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Democrats’ flip-flop on gerrymandering

Democrats’ flip-flop on gerrymandering

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PHOTO: Gerrymandered district

Virginia's gerrymandered House District 72

Question: After bitterly complaining that legislative and congressional districts in Virginia were gerrymandered to protect the Republican majority that drew them in 2011, after supporting lawsuits claiming that district lines disenfranchised minority voters and after making their case so persuasively that the General Assembly twice passed a constitutional amendment to turn redistricting over to an independent bipartisan commission, guess what the Democrat Party of Virginia is now officially urging voters to do in November?

Answer: They want you to vote against the very electoral reform they’ve been demanding for at least a decade.

At their virtual convention in late June, state Democrats overwhelmingly passed a resolution that encourages local party committees to urge voters to say “No” to the proposed constitutional amendment on the sample ballots they distribute on Election Day.

In Virginia, a proposed constitutional amendment must first pass two consecutive sessions of the General Assembly before it is put to voters as a ballot referendum the following November. The redistricting amendment, which enjoyed widespread public support, was passed the first time in 2019 by a wide margin in both chambers. It passed again this year by a 54–46 vote in the House and 38–2 in the state Senate.

If approved by voters, the 16-member Virginia Redistricting Commission would consist of eight legislators from both major political parties, and eight citizens selected by five retired circuit court judges. Using the results of the 2020 Census, the commission would draw up a new redistricting plan and submit it to the General Assembly for an up-or-down vote, with no alterations by either the legislature or the governor allowed. In the event the plan is voted down or vetoed, the Supreme Court of Virginia would step in and draw the new districts itself.

Yet Democrats who voted for the most comprehensive redistricting legislation passed by any state — not once, but twice! — are trying to torpedo it now that they are in charge in Richmond. Despite their previous claims to the contrary, Virginia Democrats are apparently in favor of gerrymandering — as long as they’re the ones who get to do it.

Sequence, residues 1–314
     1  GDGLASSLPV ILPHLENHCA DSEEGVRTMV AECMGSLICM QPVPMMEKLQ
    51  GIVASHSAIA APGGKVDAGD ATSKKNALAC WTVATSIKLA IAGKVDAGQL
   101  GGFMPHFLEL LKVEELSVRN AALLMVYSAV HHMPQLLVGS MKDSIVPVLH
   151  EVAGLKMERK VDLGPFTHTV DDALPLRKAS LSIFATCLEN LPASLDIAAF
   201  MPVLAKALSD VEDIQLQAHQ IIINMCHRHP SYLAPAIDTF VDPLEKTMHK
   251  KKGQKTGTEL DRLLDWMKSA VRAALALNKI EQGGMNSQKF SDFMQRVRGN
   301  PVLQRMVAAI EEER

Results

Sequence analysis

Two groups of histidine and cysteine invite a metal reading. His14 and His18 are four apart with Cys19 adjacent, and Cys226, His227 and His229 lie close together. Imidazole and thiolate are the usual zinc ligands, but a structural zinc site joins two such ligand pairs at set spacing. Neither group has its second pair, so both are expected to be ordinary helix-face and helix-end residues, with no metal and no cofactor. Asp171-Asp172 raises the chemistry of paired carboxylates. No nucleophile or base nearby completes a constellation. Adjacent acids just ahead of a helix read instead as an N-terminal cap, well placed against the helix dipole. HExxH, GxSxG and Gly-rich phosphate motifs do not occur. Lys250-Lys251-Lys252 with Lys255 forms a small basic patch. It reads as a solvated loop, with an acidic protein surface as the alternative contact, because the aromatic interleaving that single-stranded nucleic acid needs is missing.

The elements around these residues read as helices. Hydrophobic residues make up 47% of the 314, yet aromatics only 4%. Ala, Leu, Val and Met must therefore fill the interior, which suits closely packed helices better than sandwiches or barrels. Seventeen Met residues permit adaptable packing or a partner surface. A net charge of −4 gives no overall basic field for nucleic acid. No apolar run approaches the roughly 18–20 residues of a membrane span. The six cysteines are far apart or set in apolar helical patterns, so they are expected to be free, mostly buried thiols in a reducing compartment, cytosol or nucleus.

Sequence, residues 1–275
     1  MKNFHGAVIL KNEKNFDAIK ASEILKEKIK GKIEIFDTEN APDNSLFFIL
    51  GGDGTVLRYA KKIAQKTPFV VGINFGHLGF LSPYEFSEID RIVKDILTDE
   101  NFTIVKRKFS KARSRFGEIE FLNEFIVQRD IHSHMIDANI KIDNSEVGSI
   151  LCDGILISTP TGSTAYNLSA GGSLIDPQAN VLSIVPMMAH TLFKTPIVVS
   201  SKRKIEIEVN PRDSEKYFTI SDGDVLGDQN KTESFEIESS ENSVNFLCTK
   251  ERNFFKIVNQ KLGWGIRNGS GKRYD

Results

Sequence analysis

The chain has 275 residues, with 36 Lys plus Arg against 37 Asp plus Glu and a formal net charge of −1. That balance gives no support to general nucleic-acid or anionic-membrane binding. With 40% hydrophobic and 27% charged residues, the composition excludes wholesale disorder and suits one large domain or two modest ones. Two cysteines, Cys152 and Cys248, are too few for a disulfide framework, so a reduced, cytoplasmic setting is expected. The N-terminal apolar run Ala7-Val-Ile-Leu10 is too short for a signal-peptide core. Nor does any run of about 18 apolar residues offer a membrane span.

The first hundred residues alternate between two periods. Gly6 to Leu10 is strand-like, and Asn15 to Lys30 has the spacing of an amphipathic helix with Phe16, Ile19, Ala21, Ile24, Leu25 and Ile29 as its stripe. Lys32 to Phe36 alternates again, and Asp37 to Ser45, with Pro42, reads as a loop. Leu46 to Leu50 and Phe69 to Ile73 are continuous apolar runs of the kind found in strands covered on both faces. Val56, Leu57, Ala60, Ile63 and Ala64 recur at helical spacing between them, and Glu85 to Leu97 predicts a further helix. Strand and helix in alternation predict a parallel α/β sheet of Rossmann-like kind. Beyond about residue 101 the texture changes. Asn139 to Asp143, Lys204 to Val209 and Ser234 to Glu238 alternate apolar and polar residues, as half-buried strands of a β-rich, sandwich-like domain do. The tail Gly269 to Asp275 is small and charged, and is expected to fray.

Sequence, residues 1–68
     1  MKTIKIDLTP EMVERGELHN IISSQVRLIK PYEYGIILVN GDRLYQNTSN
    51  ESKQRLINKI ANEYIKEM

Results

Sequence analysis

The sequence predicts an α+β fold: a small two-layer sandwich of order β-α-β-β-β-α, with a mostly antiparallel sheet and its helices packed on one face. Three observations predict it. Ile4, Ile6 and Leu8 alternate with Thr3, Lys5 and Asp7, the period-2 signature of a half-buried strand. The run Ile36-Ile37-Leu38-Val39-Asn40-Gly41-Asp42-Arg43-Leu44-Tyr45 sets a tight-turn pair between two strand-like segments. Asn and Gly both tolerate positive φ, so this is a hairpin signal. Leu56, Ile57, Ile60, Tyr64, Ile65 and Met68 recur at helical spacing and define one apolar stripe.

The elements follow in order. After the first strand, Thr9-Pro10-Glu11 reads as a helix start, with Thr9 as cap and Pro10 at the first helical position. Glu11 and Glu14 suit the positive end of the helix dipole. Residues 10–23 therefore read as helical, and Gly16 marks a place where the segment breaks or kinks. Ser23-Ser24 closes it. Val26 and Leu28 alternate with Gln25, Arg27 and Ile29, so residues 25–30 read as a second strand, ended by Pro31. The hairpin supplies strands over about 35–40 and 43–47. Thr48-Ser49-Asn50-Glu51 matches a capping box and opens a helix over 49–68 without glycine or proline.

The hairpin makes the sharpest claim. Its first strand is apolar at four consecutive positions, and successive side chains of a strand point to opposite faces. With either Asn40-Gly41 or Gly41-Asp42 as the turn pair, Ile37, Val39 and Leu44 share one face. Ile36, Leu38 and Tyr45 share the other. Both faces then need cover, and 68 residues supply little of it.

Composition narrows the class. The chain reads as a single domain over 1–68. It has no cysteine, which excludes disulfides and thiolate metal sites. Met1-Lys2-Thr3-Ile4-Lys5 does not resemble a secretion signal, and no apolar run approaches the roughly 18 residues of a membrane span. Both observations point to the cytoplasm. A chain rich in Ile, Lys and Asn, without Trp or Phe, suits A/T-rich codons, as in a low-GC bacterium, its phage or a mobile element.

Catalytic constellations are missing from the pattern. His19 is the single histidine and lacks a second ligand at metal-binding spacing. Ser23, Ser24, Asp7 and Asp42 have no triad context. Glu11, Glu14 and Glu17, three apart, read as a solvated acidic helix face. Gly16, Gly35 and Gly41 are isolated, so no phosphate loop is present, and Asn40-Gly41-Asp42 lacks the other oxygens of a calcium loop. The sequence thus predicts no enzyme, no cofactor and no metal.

In the current uber-partisan political climate, voters should not be under any illusions that if this constitutional amendment is rejected in November, they will have another chance to end gerrymandering in the commonwealth. The Virginia Redistricting Commission is a once-in-a-generation opportunity to make the process as fair and as bipartisan as humanly possible.

“It is an obvious conflict of interest for the legislature to draw its own district lines. Both parties have participated in this practice for centuries — the party in charge always wants to stay in charge,” stated OneVirginia2021, which has long championed the amendment. “Ending gerrymandering isn’t about right vs. left — it’s about right vs. wrong.”

Quite so, and the General Assembly was right to pass this much-needed electoral reform. Gerrymandering itself — and the Democratic Party of Virginia’s hypocritical and self-serving attempt to preserve it — is just plain wrong.

As the Princeton Gerrymandering Project wrote in a Feb. 26 letter to House Speaker Eileen Filler–Corn, D–Fairfax, urging the amendment’s passage: “The nation’s eyes are on Virginia, and it is too close to the finish line to give up now.”

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